- See below for how Offset-Per-Tile modes work
Most SNES games use Mode 1 most of the time. It gives you 2 layers of 16 color per tile, and 1 layer of 4 color per tile. All the other blog pages cover Mode 1, and I think we’ve talked enough about that. Let’s take a look at examples of games using the other modes.
(4 layers of 4 colors per tile)
The only advantage is the extra layer. (Well, also the graphics are half the size in this mode.) Very few games use this except for screens of text. (Final Fantasy 2, US)
This is similar to Mode 1, but with only 2 layers of 16 color per tile. This is an Offset-Per-Tile layer, meaning that the screen can ignore the scroll value and instead have a unique scroll value per column (it should really be called offset-per-column). I will talk about it a little more below.
Yoshi’s Island really makes good use of this mode in the “Touch Fuzzy Get Dizzy” level.
Tetris Attack uses Mode 2 to raise the game board as you play.
Another Mode 2 example is Shin Nekketsu Kouha – Kunio-tachi no Banka. The bridge moves in waves.
Mode 3 has 1 layer 256 color and 1 layer 16 color per tile. You see it a lot in title screens and cut scenes. Personally, I think this has the highest quality images. The graphic files are 2x as big (8 bits per pixel instead of 4 bpp). One advantage of this mode, you don’t need to align graphics to a grid. All tiles have use of all colors in the palette.
Though, you almost never see games use Mode 3 for actual gameplay. I found only 1 game that does: NBA All-Star Challenge.
If you are going to use mode 3 with sprites, you need to reserve some colors for the sprites… so technically the BG graphics should use maybe 128 colors, because sprites need to use the 2nd half of the CGRAM.
Another Offset-Per-Tile mode. You get 1 layer of 256 color and 1 layer with 4 color per tile. This is rarely seen, and only one game I know uses the offset OPT system. Bust-A-Move uses it for regular gameplay, and only to slightly jiggle the pieces once in a while. But any other time the pieces move (like when they fall), they are sprites.
A few other games use Mode 4 without using the Offset-Per-Tile. I guess they wanted the second layer to use 4 color graphics instead of 16 colors (like Mode 3).
Direct Color Mode
This mode is an option for any 256 color layer (such as Mode 3, 4, or 7), to ignore the palette and use the graphic data as an RGB value itself (R3,G3,B2 plus each tile can add another R1,G1,B1). It’s actually lower quality than standard 256 colors, so it was almost never used, except for this map in ActRaiser 2.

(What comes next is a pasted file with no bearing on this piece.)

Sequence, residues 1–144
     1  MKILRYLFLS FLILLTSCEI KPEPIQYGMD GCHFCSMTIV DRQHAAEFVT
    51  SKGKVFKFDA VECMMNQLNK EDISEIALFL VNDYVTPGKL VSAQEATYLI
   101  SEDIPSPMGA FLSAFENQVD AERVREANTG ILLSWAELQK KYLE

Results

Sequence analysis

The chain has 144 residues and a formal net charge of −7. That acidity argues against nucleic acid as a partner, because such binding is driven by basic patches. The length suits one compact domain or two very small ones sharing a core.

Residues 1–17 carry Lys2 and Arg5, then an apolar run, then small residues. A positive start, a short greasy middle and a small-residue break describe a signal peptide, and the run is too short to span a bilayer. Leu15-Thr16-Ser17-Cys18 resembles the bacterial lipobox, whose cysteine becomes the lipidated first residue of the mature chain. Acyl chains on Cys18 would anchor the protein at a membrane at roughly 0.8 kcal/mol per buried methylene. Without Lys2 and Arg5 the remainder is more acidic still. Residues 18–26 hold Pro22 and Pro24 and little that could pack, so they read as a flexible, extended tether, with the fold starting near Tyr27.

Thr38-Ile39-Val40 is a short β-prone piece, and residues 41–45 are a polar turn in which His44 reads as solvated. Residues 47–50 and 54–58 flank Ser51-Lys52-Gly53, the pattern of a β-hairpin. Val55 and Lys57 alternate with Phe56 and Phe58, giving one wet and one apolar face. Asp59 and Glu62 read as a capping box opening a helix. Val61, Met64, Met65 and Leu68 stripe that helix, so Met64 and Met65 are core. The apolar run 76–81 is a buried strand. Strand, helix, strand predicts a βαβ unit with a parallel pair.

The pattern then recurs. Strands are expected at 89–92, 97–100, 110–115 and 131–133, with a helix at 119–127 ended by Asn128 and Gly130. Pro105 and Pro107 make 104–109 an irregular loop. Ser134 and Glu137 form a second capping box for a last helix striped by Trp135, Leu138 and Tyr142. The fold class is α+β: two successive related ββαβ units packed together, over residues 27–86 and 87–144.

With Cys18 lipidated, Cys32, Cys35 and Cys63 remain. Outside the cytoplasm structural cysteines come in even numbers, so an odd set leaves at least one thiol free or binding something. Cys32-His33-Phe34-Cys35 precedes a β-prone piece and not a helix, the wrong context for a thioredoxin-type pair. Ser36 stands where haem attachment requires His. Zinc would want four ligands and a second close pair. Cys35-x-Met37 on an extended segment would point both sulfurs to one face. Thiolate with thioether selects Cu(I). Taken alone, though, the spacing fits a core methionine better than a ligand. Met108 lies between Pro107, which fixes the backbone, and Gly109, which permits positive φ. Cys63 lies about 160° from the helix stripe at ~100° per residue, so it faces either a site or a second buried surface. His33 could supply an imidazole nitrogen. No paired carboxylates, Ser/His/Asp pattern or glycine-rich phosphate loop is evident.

This is the High Resolution Mode. 1 layer of 16 color per tile, 1 layer of 4 color per tile. It has these weird 16×8 tiles which squish down into 8×8 on screen giving a sharper image (double the horizontal resolution). The graphics would have to be twice as big (takes up 2x as much VRAM). This mode was rarely used, and typically only for the text of some Japanese only games. Romancing Sa-Ga 3.
You might notice that the upper right 3 boxes aren’t quite as sharp as the rest of the screen (like the guy with headphones on). Those are sprite graphics. High Resolution only affects backgrounds.
I haven’t found an example of this. It is a HiRes mode with 1 layer of 16 colors per tile. It also has Offset-Per-Tile mode, like mode 2. No game uses this mode.
I just want to point out that I did some testing, and old CRT TVs tended to blur a bit, and didn’t really have the ability to generate 512 pixels wide, so the final result was not nearly as good as I was expecting. That would explain why so few game developers used the High Resolution modes.
However, emulators do a much better job, so maybe these modes could work for future homebrew development. One option, to get around running out of VRAM space, would be to split the screen, and use Mode 0 for the top (HUD) and then Mode 5 for just part of the screen.
Unfortunately, there are no good tools for creating Mode 5/6 game levels. I had to manually type the map data in a hex editor when I was testing these modes.
Pseudo HiRes Mode
For Modes 0-4, you can kind of fake High Resolution, by turning on the Pseudo HiRes. Unlike the Mode 5 (which uses 16×8 tiles)… Pseudo HiRes uses the standard 8×8 tiles, but it draws the pixels half wide and alternates between the Main Screen pixel and the Sub Screen pixel… so it squeezes 2 different pixels into the normal 1 pixel size, doubling the horizontal resolution. It goes without saying that this would be complicated to set up since the graphics would have to be split pixel by pixel into 2 different CHR files, and “why wouldn’t you just use HiRes Modes 5/6?”
Well, the way games actually used it was for a 50% transparency effect, because if you put different layers on Main Screen than on the Sub Screen, they blended together. Old TVs tended to blur this, and it would look like this (Jurassic Park, look at the yellow things at the bottom).